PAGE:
Human Evolutionary Genomics
The reconstruction of the human evolutionary history is the focal point of a wide range of scientific disciplines including human biology, human genetics, medical sciences, archaeology and palaeo-anthropology.
It is essential to understand the underlying mechanisms of how humans adapt when encountering new environmental challenges (many of which can be man-made), when facing climatic changes (e.g. the last glacial maximum), or when undergoing changes in subsistence strategies (i.e. from a hunter-gatherer to a farming lifestyle).
How much of the human adaptability can be ascribed to classical biological adaptation of the organism (via natural selection) vs. general plasticity of the human physiology and vs. the ability to tackle challenges through cultural and behavioural flexibility?
Similarly, what evolutionary forces shape genes that are involved in response to the ever-present exposure to pathogens or that contribute to the risk of human disease given a particular lifestyle/environment?
In addition, uni-parental markers (mtDNA and Y-chromosome) allow the reconstruction of phylogenetic relatedness and therefore allow us to track past migrations and describe pre-(historic) expansion patterns.
An integrated molecular approach to human evolution
This project aims to integrate high precision and authentic genomic, epigenomic and microbiome information from human ancient DNA samples to better understand recent human evolution.
Special focus is given to the biological impacts of rapid socio-cultural and environmental changes such as the adoption of farming, epidemics, and colonialism.
Associate Professor Bastien Llamas offers higher degree research and honours studies in the areas of epigenetics, ancient DNA, bioinformatics and genetics.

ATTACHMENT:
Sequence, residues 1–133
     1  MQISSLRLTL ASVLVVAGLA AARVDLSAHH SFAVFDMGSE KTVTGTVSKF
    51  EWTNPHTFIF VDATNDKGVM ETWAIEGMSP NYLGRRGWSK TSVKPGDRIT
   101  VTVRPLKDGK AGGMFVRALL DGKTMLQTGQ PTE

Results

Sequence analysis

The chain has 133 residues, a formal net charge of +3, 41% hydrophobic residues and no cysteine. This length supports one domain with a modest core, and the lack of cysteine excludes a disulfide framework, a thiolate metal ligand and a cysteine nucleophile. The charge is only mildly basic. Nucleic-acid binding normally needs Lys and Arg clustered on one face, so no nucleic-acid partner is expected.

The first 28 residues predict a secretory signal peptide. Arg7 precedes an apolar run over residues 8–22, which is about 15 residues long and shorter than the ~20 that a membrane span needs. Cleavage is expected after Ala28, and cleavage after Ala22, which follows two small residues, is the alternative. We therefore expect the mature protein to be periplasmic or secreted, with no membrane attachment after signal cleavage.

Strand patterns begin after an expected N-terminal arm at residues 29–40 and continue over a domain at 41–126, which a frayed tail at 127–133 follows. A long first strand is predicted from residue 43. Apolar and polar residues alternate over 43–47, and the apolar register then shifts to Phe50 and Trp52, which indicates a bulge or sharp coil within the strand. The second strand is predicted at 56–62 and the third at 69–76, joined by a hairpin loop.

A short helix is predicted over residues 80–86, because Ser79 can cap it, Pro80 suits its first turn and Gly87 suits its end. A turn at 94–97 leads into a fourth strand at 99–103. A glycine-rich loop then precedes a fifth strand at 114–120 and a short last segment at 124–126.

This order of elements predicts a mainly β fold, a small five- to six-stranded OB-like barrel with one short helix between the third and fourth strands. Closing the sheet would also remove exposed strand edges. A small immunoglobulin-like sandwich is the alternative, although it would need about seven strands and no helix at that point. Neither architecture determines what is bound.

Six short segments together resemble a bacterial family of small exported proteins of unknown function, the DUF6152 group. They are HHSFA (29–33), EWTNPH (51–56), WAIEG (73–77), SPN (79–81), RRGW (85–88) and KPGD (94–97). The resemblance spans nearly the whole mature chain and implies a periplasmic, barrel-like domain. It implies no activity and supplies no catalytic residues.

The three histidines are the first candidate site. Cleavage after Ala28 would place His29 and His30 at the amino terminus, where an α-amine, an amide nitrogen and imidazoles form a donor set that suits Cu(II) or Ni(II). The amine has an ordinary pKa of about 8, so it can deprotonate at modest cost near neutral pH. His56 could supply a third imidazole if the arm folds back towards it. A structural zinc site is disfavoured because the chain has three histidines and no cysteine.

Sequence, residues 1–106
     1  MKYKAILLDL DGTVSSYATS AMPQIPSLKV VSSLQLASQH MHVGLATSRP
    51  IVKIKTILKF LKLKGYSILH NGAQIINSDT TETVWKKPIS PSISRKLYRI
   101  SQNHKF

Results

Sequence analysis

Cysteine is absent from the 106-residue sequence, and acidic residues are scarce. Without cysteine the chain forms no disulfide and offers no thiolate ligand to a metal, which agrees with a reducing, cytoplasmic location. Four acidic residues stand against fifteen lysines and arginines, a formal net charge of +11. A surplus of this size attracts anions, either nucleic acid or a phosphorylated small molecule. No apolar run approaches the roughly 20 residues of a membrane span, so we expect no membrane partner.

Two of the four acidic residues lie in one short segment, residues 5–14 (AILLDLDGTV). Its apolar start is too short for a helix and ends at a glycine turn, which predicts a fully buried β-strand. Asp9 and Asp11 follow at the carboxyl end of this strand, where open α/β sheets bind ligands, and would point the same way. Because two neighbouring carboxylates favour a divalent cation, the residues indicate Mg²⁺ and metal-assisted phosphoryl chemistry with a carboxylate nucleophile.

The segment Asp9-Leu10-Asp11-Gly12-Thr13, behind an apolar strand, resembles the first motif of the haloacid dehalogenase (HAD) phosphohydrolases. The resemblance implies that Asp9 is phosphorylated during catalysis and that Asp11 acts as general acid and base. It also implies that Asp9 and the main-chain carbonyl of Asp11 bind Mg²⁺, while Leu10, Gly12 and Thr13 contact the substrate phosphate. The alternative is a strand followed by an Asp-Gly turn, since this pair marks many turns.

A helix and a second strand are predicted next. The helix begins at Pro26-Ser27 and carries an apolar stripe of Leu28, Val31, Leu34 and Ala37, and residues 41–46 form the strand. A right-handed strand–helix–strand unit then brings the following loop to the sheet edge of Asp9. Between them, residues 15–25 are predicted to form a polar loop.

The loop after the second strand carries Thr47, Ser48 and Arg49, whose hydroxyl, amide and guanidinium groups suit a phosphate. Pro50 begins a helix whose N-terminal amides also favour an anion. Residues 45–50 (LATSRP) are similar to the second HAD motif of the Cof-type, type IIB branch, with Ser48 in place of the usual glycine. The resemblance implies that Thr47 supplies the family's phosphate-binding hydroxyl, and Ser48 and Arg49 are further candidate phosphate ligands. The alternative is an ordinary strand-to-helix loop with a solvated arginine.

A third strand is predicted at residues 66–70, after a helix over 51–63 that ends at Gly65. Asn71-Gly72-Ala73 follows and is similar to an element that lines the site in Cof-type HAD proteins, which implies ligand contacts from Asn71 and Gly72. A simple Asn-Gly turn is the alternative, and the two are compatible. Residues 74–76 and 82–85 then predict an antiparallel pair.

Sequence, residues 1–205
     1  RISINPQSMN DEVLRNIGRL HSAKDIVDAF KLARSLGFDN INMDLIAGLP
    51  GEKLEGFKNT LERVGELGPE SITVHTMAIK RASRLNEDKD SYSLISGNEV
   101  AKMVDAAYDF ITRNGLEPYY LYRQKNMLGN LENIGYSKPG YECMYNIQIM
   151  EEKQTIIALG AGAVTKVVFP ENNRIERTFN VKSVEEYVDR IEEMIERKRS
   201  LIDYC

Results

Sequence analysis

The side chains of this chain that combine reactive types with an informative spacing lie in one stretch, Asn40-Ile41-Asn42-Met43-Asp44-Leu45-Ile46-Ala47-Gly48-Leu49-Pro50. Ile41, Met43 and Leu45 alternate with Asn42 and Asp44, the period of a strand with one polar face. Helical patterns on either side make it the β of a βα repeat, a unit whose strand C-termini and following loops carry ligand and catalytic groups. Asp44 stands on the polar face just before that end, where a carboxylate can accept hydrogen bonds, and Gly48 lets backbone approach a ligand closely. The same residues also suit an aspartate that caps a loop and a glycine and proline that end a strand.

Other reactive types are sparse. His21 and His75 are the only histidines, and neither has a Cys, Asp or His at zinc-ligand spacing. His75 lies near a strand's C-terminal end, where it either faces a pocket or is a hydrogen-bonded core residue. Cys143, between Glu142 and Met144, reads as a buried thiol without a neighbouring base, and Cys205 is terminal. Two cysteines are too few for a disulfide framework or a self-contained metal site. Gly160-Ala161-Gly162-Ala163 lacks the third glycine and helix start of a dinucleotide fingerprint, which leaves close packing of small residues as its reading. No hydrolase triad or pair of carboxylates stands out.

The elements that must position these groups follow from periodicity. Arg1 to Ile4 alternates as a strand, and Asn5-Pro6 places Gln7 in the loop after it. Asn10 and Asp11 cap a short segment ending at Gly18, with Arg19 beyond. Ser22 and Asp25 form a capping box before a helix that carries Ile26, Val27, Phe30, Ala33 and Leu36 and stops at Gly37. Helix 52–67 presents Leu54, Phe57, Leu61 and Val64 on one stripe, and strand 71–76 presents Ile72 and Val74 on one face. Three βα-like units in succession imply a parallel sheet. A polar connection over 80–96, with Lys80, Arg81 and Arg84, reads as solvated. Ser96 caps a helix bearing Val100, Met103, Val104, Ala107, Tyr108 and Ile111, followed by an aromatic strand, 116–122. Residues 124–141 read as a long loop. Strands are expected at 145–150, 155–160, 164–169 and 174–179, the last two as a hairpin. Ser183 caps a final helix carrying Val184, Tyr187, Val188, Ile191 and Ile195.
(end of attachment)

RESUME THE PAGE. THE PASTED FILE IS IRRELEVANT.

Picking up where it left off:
Australian Heritage: constructing the first Aboriginal reference genome
Using DNA sequencing technologies to generate the first complete and accurate Aboriginal genomes along with maps of genomic variation around Australia, this project will integrate past and present indigenous genetic diversity from human populations around the world into a new pan-human reference genome.
The aim is to understand global human genomic variants and provide a range of new targets relevant to medical biology. Building on these variants, it will significantly improve our knowledge of human genetic history and its consequences in the modern day.
Photo: Dollar Bin CC BY-NC 2.0
Investigating the peopling of Sahul (the landmass formerly connecting Australia with New Guinea)
Much research is being done on the Pleistocene continent of Sahul, and the human evolutionary team at ACAD is investigating genetic records to better understand the admixture and adaptation to certain climatic environments via two major projects below:
Using genetics to reconstruct the peopling of Sahul
Genetic, ecological, and archaeological evidence indicates that the ancestors of modern Indigenous Australians and Papuans arrived on Sahul >50 thousand years ago and mixed with multiple now-extinct hominin groups during their migration to Sahul.
However, we still know very little about the route(s) taken into Sahul and when and where the ancestors of Australo-Papuans interacted with archaic hominin ancestors during this historic migration. In this project we will use information extracted from hundreds of genomes from populations across Australia, New Guinea, and Island South East Asia to reconstruct these movements and mixing events during the eventful journey to Sahul.
Adaptation and diversification of the first peoples of Sahul
Indigenous Australians currently inhabit a variety of distinct and contrasting environments, a connection that has persisted for thousands to tens of thousands of years. However, major gaps in the current genetic record of Indigenous Australia have prevented detailed analysis of the connection between Indigenous Australians and their homelands, and how living these unique environments have shaped the broad biological diversity observed amongst contemporary Indigenous Australians.
This DECRA project will fill in gaps in the Australian genetic record by using ancient DNA recovered from sediments and screen hundreds of Indigenous Australian genomes for signs of how they have co-evolved with the Australian landscape.
Palaeo-population genomics: Studying adaptation using ancient human DNA
This project applies state of the art population and quantitative genetic techniques to a powerful new database of ancient human genomes - spanning from hunter-gatherers and early farmers through to the Middle Ages - to build the first detailed spatio-temporal portrait of human genetic adaptation through time. This record will capture the major socio-cultural transitions in human history, and reveal the genetic and environmental drivers that have shaped modern human genetic diversity and pathology.
Photo: Courtesy Dr Wolfgang Haak